Submission Guidelines

 I. Types of Submissions accepted by the NLIU Law Review:

Manuscripts on any topic of contemporary legal relevance based on the theme for this issue and meeting the below-mentioned criteria:

The word limit is exclusive of the abstract and the footnotes.  

II. General Submission Guidelines:

III. Citation Standards:

IV. Style Guidelines:

V.  Parameters for Evaluation:

A. Technical Review

B. Content Review:

Manuscripts which are not rejected at the Technical Review stage undergo Content Review. The Content Review is conducted in two stages wherein the manuscripts which are fit for publication as is, or do not require significant changes are shortlisted for Peer Review. The manuscripts are evaluated in Content Review on the following five parameters:

1. Grammar and Language

The language of the manuscript must be crisp and concise. A direct statement or argument would be preferred over an indirect one and minimum usage of passive voice is recommended. Author(s) must be familiar with the usage of a term used in the manuscript. The author(s) may be marked down for unnecessary repetition, long- winded sentences and irrelevant rhetoric.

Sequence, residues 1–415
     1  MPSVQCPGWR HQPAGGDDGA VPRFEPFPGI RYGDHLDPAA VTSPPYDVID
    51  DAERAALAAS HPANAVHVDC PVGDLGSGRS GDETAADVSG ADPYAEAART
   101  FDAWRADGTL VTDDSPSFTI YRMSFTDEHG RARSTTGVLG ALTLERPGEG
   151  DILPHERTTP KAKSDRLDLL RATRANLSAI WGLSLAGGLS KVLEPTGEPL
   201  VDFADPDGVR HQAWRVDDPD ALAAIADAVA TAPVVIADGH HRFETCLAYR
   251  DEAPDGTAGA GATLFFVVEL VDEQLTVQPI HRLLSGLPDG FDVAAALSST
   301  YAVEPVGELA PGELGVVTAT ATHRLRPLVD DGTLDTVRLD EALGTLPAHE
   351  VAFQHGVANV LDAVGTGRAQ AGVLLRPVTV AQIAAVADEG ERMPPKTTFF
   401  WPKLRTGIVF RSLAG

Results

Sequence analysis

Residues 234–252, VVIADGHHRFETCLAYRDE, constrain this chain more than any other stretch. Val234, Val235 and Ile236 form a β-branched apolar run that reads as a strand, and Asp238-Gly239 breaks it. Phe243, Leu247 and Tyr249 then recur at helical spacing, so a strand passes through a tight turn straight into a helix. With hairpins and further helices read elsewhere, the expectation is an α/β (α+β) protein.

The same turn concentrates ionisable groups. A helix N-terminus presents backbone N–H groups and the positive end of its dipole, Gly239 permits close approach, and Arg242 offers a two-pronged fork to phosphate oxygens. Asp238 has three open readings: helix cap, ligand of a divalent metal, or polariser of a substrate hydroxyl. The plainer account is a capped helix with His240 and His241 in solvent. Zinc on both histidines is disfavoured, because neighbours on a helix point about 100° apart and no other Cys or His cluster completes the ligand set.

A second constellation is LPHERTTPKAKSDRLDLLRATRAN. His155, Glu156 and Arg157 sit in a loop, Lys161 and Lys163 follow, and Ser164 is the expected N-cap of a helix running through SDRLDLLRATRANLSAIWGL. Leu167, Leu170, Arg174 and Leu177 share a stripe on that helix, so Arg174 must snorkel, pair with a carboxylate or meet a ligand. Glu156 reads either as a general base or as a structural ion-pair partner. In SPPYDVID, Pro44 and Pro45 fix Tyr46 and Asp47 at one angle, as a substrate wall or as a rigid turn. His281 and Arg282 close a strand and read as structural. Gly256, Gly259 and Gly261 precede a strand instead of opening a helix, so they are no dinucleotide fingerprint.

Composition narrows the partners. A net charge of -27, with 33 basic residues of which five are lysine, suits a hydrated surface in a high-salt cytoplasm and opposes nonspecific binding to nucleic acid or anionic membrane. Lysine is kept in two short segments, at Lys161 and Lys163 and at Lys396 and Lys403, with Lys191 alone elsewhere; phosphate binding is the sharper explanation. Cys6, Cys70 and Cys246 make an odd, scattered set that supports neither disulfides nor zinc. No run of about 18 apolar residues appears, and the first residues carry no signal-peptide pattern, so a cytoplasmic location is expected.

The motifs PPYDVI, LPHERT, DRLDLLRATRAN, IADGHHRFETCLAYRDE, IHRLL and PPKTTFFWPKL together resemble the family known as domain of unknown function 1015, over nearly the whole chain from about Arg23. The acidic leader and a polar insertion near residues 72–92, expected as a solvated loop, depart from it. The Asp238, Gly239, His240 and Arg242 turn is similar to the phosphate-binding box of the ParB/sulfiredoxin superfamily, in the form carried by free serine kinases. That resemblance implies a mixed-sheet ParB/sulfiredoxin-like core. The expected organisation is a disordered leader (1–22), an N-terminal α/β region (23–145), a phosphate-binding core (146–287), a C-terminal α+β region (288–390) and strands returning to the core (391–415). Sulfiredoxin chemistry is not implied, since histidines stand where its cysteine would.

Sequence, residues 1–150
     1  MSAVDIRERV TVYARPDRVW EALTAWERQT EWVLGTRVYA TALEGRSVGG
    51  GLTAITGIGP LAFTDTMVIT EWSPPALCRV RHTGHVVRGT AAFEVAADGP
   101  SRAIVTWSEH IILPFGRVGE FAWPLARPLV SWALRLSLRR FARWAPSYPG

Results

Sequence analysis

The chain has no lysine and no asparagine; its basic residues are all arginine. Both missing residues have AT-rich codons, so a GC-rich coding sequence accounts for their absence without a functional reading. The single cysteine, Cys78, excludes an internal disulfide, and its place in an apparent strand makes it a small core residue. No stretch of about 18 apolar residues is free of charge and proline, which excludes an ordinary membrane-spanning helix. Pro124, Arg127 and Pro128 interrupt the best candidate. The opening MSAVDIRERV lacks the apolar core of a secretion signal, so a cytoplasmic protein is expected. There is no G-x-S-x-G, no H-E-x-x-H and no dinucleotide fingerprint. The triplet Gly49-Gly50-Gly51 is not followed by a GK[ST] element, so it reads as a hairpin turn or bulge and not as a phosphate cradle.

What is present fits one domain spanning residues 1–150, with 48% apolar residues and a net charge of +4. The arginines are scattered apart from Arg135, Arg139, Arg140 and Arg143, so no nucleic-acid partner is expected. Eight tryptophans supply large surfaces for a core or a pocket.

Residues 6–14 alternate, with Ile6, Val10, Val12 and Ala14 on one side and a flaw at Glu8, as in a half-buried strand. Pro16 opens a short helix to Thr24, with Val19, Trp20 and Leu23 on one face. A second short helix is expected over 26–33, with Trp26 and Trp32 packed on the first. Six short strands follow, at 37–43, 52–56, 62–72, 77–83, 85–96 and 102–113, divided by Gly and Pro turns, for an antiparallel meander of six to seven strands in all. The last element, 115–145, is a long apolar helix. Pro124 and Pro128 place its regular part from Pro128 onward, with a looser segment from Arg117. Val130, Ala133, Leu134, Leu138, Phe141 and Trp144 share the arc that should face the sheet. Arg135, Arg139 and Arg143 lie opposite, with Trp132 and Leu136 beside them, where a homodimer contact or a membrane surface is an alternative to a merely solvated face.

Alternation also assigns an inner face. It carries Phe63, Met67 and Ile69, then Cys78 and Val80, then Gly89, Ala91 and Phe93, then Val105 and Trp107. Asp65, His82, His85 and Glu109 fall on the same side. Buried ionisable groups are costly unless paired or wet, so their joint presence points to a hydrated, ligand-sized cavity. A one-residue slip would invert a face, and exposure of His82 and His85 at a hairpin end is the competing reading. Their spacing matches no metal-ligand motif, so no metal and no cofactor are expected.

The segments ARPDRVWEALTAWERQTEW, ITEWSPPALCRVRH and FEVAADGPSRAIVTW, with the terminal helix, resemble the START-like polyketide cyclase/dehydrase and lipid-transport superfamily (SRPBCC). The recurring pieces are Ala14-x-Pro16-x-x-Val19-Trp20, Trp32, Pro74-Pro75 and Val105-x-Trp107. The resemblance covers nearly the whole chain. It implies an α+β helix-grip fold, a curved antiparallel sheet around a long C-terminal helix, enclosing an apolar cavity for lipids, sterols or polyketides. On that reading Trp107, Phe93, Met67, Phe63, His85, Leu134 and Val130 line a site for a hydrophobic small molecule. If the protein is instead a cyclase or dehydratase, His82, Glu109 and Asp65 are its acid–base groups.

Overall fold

2. Structure and Logical Coherence

The manuscript must be logically sound and appropriate for the objective it seeks to achieve. Author(s) may be marked down for arguments based on incorrect premises or presumptions, the lack of a clear structure or the lack of a proper logical flow.

3. Contribution to Existing Literature

If the topic of the manuscript is one which has been written about extensively in the past, the author(s) must consider what the contribution of the manuscript to the discussion is. Merely quoting and/or summarizing precedents would be inadequate. On the other hand, writing in a more innovative manner and providing a novel explanation/interpretation of a concept would be appreciated.

4. Contemporary Relevance

Manuscripts are expected to include recent developments on the topic. A manuscript is considered to possess contemporary relevance when it deals with trending societal issues and legal issues that have not been given the attention they deserve. The topic may also be one that has faded from public memory but has reemerged for some reason. The relevance of the particular topic should be highlighted by the author(s) in the introduction.

5. Referencing and Research

The manuscript must reflect an in-depth, and not just superficial research. The author needs to be aware of what citation is required in the circumstances, when to cite (and when not to cite) and the relevance of that citation.